E[a]uty and Maiesty are falne at ods,
Th'one claimes his cheeke, the other claimes his chin;
Then Vertue comes, and puts her title in.
(Quoth she) I make him like th'immortall Gods.
(Quoth Maiestie) I owne his lookes, his Brow,
His lips, (quoth Loue) his eies, his faire is mine.
And yet (quoth Maiesty) he is not thine,
I mixe Disdaine with Loues congealed Snow.
I, but (quoth Loue) his lockes are mine (by right)
His stately gate is mine (quoth Maiestie,)
And mine (quoth Vertue) is his Modestie.
Thus as they striue about this heauenly wight,
At last the other two to Vertue yeeld,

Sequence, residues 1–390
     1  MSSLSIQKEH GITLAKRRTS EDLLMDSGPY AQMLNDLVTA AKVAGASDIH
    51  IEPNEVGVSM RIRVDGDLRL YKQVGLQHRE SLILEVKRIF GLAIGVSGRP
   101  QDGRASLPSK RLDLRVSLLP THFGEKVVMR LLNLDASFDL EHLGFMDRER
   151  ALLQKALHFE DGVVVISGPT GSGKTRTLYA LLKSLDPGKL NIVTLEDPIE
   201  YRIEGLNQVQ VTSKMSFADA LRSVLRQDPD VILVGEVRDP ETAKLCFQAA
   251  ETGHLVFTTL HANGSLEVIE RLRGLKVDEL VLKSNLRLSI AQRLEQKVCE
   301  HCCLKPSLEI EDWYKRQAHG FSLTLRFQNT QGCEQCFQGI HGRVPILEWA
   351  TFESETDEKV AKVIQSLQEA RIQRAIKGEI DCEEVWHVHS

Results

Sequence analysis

The lists of Loue, fought in faire Beauties field.
He Stoicks thinke, (and they come neere the truth,)
That vertue is the chiefest good of all,
The Academicks on Idea call.
The Epicures in pleasure spend their youth,
The Perrepatetickes iudge felicitie,
To be the chiefest good aboue all other,
One man, thinks this: and that conceaues another:
So that in one thing very few agree.
Let Stoicks haue their Vertue if they will,
And all the rest their chiefe-supposed good,
Let cruell Martialists delight in blood,
And Mysers ioy their bags with gold to fill:
My chiefest good, my chiefe felicity,
Is to be gazing on my loues faire eie.